Google Researchers Find Flaws in Safari’s Privacy Features

Safari in macOS Dock Credit: PixieMe / Shutterstock
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One of the problems that Apple has with taking such a strong stance on user privacy is that it’s constantly under more scrutiny than many of its rival companies, and when a problem is discovered, it’s deemed all the more serious.

For example, when news surfaced last summer that third-party contractors were hearing some Siri recordings, it was a major revelation, despite the fact that Amazon’s Alexa and Google’s Assistant had long been doing similar things. Likewise, a report this week that Apple killed encrypted iCloud Backups in response to pressure from the FBI surprised and even shocked many users. In short, because of Apple’s focus on privacy, we’ve come to expect much more from the company.

The challenge, however, is that it’s quite complicated to protect user privacy in an era when everything is so open on the web and so much online technology seems designed with the express purpose of tracking and profiling users. So it should be understandable that Apple may not always get it perfect — privacy, especially on the web, is a cat-and-mouse game at the best of times.

So it probably shouldn’t come as a big surprise that Google security researchers have found flaws in the Intelligent Tracking Prevention feature in Safari, but what may be a bit more surprising is that the feature itself actually created a new privacy flaw while otherwise doing exactly what it was designed to do in the first place.

According to The Financial Times, Google security researchers found multiple flaws in Safari that allowed users’ browsing behaviour to actually be tracked as a direct result of how the Intelligent Tracking Prevention feature was designed, allowing third parties to obtain “sensitive private information about the user’s browsing habits.”

Working Too Well?

When it was released in 2017, Safari’s Intelligent Tracking Prevention (ITP) feature was hailed by privacy advocates as a revolutionary way to prevent users from being tracked around the web, using intelligent on-device machine learning to detect user behaviour and what advertising sites were doing and automatically block privacy-invasive tracking across websites. It was more user-friendly than the all-or-nothing approach of blocking third-party cookies entirely, while also proactively preventing many ways that advertisers and tracking networks would try to get around the usual restrictions.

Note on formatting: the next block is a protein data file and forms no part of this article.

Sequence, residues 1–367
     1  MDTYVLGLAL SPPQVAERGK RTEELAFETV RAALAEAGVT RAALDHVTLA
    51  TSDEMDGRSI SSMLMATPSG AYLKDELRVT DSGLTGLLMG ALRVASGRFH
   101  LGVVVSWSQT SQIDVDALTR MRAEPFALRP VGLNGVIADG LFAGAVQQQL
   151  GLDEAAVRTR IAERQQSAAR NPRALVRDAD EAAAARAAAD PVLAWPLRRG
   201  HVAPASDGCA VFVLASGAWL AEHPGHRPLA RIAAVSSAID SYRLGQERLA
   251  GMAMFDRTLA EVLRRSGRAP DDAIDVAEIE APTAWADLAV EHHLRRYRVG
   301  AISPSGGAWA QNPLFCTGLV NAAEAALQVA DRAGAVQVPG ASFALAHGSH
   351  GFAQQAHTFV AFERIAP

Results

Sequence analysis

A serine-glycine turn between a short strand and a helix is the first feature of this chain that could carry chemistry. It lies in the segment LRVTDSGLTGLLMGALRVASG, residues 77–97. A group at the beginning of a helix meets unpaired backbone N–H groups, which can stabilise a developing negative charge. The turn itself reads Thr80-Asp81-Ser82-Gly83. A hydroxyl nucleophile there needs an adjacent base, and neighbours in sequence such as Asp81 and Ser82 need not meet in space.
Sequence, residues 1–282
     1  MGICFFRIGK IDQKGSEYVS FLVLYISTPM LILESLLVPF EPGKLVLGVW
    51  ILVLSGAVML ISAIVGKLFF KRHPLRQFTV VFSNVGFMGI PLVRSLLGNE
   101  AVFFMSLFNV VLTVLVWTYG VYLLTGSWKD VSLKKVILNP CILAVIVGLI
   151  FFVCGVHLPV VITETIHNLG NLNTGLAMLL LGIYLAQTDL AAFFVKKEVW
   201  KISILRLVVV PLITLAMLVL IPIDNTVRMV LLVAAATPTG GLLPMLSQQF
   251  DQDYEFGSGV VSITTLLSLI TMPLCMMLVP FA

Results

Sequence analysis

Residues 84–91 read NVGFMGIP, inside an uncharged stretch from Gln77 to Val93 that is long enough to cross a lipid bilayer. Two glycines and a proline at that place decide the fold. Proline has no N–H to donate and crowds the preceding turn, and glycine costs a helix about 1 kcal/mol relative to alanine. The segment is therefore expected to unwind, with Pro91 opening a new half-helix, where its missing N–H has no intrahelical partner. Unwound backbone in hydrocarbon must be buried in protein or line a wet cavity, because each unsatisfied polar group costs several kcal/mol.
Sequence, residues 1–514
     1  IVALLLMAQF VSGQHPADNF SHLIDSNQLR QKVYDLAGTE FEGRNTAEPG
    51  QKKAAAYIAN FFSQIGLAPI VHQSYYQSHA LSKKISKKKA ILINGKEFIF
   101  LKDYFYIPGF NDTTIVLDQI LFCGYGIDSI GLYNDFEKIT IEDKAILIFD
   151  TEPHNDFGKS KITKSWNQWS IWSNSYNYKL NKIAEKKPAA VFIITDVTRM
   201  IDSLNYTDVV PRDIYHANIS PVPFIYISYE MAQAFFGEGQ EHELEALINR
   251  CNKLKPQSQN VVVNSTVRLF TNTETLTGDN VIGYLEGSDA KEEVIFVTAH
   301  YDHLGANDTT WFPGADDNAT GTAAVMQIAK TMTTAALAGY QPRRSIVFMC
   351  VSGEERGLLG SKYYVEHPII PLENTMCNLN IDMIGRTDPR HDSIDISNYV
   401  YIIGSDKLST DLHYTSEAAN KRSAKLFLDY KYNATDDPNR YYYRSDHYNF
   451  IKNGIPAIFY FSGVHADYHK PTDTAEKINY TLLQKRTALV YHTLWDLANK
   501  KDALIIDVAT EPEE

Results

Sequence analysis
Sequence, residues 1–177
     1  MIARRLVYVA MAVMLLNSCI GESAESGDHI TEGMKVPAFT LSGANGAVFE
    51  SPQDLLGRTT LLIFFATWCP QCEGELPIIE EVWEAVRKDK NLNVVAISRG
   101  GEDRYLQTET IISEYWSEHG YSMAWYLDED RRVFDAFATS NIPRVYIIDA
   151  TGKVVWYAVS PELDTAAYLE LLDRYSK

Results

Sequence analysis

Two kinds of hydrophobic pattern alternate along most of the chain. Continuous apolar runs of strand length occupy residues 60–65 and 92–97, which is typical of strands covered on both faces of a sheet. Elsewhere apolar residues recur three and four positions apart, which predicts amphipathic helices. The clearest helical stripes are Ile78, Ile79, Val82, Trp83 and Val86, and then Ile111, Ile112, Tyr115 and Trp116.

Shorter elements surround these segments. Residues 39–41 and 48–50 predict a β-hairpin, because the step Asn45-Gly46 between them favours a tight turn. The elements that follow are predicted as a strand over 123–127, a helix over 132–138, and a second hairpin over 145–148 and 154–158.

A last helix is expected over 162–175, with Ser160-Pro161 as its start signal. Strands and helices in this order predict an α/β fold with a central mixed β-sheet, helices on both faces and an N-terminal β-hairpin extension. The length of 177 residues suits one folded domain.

However, it seems that the strength of Intelligent Tracking Prevention was also its biggest weakness. Since all of the ITP algorithms run on the Mac or iOS device, and are tailored to the specific user’s behaviour, that also means that it’s collecting its own set of user information about the websites visited by the user.

You would not expect privacy-enhancing technologies to introduce privacy risks. If exploited or used, these vulnerabilities would allow unsanctioned and uncontrollable user tracking.

Lukasz Olejnik, independent security researcher, speaking with The Financial Times

Although this information is stored entirely on the user’s device, and should therefore be private, security researchers were able to exploit flaws in the system that let them “create a persistent fingerprint” of users that could be used to track them around the web, as well as revealing what individual users were searching for on search engine pages.

It’s Already Fixed

While some might think that this is a case of Google being quick to pillory a competitor’s technology, the reality is that Google’s security researchers privately notified Apple of the flaws back in August, giving the company time to fix the problem. Apple patched Safari in December, publishing the results in a blog post titled Preventing Tracking Prevention Tracking and crediting the Google researchers for discovering the flaw and thanking them for their “responsible disclosure practice” that allowed Apple to address the problem before making it public knowledge.

Google’s researchers have found numerous flaws in Apple’s software over the past year or so, but also make it clear that they’re not singling out Apple, telling The Financial TImes that they have “long worked with companies across the industry to exchange information about potential vulnerabilities and protect our respective users.” The technical paper that Google is releasing this week outlining the flaws is primarily intended to help others benefit from the researchers’ findings.

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